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So what do we do when good Text Wraps go bad? These are some common problems that you might encounter when working with Text Wraps. So it's great fun and very visually compelling when you get it right to wrap text around an irregular shape. However, the problems that you are likely to encounter are these where you get trapped words as well as bad word spacing. Firstly, the bad word spacing, which I don't have an example of here, but the simple solution there is don't put Text Wraps in narrow columns, simple as that, prevention being the best medicine.
But here let's say that we really want our ducky at this position or close to this position, how do we fix this problem, and this problem? Well, sometimes a simple nudge may be all that you need. So I am going to select the picture, and I am just going to judge it up a little bit. Three nudges has fixed the problem, I am now going to undo that and approach in a slightly different way. Because sometimes you may find that the problem is more persistent than that and nudging your picture is not going to do it, in which case you have the option of adjusting manually the Text Wrap Offset.
So we have seen here, here is where we specify the Offset. Now when you choose to wrap around an object shape, you only have one Offset value, and it's going to maintain that value around the object shape. You might try increasing or decreasing the amount of Offset, and that will probably have a similar degree of success as nudging the object itself. But if you were to come and select the picture content, and I am going to move over the image so that I get my content selector and click on that.
Now, if you're all working with earlier than CS5, of course you won't have a Content Selector, it didn't exist prior to then, in which case you can come and choose your Direct Selection tool and click on the image. However, you get there, you need to know the image is selected, you are looking at the inverse color of whatever is your layout color, in this case brown--blue being my layer color--and we can now see my Text Wrap Offset outline, and I can edit that path. That's all it is. It's a vector path.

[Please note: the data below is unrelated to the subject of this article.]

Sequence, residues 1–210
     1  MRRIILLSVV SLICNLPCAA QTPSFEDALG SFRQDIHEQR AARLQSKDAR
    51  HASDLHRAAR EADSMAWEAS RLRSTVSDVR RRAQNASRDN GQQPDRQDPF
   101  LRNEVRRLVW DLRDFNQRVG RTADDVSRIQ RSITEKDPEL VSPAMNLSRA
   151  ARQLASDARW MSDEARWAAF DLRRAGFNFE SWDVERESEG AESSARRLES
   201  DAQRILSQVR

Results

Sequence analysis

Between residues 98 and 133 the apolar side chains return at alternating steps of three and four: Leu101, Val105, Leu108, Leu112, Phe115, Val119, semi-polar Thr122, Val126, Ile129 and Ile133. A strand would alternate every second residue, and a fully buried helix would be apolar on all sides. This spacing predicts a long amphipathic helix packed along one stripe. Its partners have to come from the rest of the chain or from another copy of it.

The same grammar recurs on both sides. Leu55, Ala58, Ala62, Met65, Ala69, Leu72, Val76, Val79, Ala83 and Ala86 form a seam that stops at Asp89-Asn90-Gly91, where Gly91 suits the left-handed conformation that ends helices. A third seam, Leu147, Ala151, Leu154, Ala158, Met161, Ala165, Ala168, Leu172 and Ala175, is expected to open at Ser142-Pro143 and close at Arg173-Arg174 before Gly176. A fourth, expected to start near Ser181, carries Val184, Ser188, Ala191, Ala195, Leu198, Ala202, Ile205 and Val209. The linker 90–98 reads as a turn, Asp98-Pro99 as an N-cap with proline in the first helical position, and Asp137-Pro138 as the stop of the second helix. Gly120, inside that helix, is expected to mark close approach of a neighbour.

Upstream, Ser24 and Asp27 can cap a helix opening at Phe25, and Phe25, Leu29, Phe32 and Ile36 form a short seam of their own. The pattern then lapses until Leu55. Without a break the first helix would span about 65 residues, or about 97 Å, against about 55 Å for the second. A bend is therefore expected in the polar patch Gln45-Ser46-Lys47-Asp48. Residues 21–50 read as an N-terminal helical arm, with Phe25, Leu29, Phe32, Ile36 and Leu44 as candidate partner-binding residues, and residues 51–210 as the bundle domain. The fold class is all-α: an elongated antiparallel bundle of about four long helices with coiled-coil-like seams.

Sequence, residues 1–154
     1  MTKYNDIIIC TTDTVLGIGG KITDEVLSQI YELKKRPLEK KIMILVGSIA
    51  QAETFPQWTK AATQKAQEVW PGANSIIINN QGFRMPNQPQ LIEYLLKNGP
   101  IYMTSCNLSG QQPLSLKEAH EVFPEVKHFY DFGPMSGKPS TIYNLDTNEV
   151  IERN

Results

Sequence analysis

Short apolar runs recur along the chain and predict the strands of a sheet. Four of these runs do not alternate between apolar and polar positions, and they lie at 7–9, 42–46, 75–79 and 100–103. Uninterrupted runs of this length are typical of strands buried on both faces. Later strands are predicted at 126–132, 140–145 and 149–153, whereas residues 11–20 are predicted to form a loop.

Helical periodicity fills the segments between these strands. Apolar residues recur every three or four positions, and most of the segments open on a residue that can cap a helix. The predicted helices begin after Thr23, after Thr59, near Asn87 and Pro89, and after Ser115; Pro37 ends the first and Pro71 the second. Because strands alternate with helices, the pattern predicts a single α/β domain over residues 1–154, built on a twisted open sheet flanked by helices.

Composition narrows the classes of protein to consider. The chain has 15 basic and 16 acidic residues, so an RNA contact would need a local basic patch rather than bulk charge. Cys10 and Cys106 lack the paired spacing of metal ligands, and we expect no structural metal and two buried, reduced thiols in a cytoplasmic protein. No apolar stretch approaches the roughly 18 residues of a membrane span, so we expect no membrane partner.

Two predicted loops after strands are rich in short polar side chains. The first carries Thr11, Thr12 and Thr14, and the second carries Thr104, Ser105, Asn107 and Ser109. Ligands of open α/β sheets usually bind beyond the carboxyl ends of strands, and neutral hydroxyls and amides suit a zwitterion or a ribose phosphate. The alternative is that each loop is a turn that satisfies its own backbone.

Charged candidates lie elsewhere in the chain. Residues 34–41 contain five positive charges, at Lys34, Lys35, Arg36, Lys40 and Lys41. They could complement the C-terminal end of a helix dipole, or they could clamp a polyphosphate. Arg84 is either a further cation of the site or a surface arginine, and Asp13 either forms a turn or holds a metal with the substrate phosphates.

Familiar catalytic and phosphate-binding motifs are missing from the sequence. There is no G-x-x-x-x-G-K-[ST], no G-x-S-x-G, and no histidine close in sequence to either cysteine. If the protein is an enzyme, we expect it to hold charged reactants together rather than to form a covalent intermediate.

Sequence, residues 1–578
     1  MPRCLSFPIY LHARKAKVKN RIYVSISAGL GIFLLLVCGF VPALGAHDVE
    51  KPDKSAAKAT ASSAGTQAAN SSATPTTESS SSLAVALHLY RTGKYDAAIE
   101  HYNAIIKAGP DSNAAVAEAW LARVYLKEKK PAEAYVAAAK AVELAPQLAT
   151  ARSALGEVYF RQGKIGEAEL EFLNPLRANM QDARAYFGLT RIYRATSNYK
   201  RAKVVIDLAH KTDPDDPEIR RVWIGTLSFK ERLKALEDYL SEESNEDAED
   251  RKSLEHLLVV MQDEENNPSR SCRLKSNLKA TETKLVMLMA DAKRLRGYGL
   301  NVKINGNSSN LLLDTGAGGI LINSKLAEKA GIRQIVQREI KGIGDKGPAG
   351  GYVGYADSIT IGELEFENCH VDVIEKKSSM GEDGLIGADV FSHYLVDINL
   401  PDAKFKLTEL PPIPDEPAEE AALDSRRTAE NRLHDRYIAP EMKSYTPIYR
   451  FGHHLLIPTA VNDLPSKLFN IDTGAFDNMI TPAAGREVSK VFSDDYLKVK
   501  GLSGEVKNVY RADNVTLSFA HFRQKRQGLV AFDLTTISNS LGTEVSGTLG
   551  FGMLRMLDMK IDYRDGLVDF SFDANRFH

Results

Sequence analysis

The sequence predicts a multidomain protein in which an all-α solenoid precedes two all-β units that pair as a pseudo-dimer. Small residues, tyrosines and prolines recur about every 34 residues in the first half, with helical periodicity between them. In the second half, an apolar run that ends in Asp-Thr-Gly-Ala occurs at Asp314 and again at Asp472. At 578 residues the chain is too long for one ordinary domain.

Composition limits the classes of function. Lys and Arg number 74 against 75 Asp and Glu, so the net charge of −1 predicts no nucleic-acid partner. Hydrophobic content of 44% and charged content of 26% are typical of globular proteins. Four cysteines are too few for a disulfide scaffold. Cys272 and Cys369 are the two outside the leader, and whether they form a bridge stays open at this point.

I can edit the path either with my Direct Selection tool, which is what I have there, and I can pull those anchor points down until eventually they move out of the way of the text. I can also--if I need to do a little bit more than just moving the anchor points--I can use my Pen tool, and I can come in and hover over an existing anchor point and click on it, and that will delete it. Should I need to add more anchor points, I hover over a path segment where there isn't one already.
You'll see a plus appears next to then Pen tool, and I can click to make one. So watch out for problems like that occurring. Try a simple nudge. If that doesn't work, try and Edit the actual Text Wrap Offset, either with your Direct Select tool or with your Pen tool. Let me just point out that we also have our Composition Preference, and we have looked at this earlier. But when you turn on H&J Violations and then turn your Guides on, you'll see highlighted in yellow those lines that are problematic, they are problematic in terms of the word spacing.
And it's no wonder, really, because what you're doing here is you are significantly narrowing the column by putting an image within it. You do want to minimize this as much as possible, might just want to make that smaller, and you can see that that reduces the amount of yellow highlighting. I am now going to turn that Composition Preference off, and let's go and look at another common problem you may encounter. Text Wraps on circles. They maybe even, they don't look even.